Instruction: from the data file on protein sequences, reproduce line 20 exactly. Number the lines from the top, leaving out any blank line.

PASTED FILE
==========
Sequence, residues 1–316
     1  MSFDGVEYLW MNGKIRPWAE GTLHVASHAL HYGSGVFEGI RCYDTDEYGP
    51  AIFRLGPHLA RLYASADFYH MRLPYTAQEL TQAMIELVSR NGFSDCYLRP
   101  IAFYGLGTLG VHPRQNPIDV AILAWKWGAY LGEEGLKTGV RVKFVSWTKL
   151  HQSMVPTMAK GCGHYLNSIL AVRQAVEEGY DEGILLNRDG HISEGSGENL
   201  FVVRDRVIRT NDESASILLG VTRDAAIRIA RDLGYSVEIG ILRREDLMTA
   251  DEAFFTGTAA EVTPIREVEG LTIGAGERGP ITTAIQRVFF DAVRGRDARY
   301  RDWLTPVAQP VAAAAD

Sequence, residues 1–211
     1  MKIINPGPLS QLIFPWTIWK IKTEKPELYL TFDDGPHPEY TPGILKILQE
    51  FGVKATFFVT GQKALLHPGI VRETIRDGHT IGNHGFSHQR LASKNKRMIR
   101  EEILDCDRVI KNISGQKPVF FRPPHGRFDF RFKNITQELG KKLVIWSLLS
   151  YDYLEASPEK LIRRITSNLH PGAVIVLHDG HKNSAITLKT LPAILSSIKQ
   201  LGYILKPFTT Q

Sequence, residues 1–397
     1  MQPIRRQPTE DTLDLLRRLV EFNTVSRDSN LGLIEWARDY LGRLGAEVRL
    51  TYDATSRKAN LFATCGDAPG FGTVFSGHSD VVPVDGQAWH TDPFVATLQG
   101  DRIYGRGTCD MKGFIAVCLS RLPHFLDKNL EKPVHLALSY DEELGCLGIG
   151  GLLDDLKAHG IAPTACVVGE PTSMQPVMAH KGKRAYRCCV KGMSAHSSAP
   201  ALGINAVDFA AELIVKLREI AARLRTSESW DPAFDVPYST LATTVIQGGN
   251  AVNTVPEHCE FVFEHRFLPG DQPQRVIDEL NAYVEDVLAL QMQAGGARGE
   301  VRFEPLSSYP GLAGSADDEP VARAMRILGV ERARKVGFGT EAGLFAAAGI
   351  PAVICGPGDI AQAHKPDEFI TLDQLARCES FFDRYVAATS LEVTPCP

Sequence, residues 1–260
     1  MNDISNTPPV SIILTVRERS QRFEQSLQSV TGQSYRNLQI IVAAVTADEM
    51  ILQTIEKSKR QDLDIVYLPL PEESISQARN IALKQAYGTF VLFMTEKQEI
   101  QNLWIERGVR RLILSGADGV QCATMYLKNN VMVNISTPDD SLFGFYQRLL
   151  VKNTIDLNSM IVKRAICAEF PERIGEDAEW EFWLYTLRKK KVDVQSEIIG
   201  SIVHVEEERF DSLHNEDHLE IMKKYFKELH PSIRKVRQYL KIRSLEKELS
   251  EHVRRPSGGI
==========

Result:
   201  ALGINAVDFA AELIVKLREI AARLRTSESW DPAFDVPYST LATTVIQGGN